Thousands of cars travel up and down Holt Avenue
between 17th Street and Newport Avenue every
day, according to traffic surveys done by the
However, despite the huge number of drivers
and passengers involved, probably not one person
in a hundred gives a moment's thought to the
origin of the street's name.
John Holt, for whom the street is named, was a
native of Sweden who immigrated to the United
States. Facts about his life vary depending on
the source, but the following information comes
from the 1911 edition of "History of Orange
County, California." The book contains
biographical sketches of the men and women of
the county Samuel Armor identified as
participating in the growth and development of
the area at that time.
Holt came to the United States at the age of
13 when his father, Sven Holt, immigrated here
to become a brass worker, employed first in St.
Louis, then Chicago. The elder Holt returned to
Sweden in 1860, but John remained in this
He enlisted in the United States Navy in 1866
and served on several battleships, mainly in the
Asiatic waters, visiting both China and Japan.
At the end of his enlistment, he transferred to
the merchant marines, shipping out of
Philadelphia and Portland, Maine harbors. His
next employer was the U.S. government, which
hired him to do harbor improvement work on the
Holt then came to California, arriving in
what would become Orange County in 1882. After
deciding to locate in Tustin, he first bought an
unimproved tract of 10 acres. Four years later,
he purchased an additional 10 acres at the
intersection of First Street and a road which
would become known as Holt.
After marrying Louise Deathelms, a resident of
New York, he used his carpentry skills to build
a cozy cottage on his property. Before long,
Holt became known for his experiments in
After planting walnut and apricot trees on
his first pieces of land, he began a long and
extensive series of experiments to discover how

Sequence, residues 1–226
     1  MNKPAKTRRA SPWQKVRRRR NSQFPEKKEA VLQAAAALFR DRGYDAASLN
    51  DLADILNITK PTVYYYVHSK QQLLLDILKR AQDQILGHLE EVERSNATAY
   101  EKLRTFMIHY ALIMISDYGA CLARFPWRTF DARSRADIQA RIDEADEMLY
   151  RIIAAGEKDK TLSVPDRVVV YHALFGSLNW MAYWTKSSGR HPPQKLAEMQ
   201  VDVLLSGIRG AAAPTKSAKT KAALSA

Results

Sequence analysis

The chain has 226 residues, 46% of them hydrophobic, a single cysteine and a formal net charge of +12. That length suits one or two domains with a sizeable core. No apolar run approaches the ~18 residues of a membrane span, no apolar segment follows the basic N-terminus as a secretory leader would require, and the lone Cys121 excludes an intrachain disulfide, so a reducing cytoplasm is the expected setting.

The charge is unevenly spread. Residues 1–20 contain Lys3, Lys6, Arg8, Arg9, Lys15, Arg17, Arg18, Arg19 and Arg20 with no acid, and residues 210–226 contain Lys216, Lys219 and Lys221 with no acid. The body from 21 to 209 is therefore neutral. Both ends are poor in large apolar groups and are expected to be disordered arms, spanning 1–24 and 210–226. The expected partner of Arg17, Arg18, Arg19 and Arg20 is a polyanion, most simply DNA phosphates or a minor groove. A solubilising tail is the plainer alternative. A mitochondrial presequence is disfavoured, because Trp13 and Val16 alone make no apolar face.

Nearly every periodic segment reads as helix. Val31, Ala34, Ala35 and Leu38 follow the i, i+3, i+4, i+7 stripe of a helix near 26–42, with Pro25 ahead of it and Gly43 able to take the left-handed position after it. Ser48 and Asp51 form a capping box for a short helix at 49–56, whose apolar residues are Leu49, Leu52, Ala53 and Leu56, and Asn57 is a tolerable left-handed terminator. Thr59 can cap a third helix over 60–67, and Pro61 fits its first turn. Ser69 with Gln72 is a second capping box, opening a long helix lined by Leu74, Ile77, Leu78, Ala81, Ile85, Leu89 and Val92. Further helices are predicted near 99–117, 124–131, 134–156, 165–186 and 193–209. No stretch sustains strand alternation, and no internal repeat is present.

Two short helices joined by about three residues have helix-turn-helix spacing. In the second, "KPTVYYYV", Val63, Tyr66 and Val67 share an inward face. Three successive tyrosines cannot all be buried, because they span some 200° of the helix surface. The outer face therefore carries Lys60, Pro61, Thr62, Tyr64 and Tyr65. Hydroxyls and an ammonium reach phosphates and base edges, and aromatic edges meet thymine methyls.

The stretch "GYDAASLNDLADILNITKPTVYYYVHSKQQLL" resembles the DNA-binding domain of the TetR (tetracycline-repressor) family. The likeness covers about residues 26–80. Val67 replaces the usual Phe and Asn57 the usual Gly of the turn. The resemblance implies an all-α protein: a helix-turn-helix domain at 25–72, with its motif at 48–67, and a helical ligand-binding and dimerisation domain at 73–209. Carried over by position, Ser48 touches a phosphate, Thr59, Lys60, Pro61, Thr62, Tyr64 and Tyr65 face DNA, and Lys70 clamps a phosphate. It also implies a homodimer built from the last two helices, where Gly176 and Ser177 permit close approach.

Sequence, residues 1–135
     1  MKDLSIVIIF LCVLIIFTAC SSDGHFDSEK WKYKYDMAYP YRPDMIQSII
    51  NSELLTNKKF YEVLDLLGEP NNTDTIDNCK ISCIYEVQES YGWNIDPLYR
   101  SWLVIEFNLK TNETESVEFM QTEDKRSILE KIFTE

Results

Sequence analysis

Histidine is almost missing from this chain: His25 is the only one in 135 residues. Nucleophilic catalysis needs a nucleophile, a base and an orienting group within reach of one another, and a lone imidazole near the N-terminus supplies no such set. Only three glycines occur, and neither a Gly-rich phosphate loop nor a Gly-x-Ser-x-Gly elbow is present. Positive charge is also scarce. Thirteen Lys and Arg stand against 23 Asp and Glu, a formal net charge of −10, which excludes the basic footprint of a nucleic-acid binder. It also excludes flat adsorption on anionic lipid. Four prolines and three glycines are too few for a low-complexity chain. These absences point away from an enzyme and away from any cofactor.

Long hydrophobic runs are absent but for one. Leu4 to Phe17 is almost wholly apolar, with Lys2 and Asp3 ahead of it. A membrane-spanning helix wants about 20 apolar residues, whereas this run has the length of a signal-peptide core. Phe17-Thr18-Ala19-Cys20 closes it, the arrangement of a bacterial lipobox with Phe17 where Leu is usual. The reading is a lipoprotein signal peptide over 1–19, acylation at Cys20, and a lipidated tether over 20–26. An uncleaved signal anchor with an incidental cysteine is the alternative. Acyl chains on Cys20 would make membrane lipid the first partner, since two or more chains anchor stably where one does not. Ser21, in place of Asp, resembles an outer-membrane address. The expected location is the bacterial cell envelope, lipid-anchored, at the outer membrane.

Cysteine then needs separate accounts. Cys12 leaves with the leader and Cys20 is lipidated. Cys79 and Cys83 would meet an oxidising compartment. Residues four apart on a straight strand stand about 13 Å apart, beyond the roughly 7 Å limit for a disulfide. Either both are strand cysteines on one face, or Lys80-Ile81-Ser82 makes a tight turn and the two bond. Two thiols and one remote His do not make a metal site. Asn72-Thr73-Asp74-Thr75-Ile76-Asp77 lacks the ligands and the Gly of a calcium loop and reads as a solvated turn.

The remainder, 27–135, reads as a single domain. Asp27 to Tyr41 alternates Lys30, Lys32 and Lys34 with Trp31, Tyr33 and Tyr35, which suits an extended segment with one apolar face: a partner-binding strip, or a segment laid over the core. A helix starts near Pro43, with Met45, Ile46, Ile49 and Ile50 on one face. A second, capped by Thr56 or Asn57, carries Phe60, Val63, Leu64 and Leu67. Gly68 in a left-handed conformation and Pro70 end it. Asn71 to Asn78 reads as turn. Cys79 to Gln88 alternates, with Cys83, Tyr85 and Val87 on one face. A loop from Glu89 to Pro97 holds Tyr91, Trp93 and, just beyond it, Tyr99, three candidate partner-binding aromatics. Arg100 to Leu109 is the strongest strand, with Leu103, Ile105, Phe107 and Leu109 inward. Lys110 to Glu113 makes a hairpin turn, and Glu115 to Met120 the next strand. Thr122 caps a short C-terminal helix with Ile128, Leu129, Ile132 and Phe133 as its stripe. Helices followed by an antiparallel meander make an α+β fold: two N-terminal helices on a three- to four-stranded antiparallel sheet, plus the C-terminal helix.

the various fruits would adapt to the soil. His
first experiment of planting a vineyard failed
when the grapes died before they came into
He next planted a variety of fruits,
including prunes which he soon found to be a
money losing crop. Disillusioned by their low
market value, he abandoned them in favor of
crops that would bring in revenue in keeping
with the high cost of the land.
When he found that oranges, apricots and
walnuts would earn the highest profit because
they were the best adapted to the climate and
the soil, he concentrated on planting these
species in his orchard.
In addition to experimenting with fruit, Holt
enjoyed raising poultry. He was recognized for
his skill in selecting birds and caring for the
flock. His pureblood White Brahmas were judged
to be the finest specimens of that breed in
Although Holt was a Republican, voting for
party candidates in both state and national
elections, he was known for supporting the man
he thought best able to promote the welfare of
the county and not the party line, in local
elections. He belonged to the Masonic Lodge, the
Independent Order of Odd Fellows and the
Foresters of America.
Since Holt was included in the U.S. Census in
1900, 1910 and 1920, he is assumed to have died
between 1920 and 1930.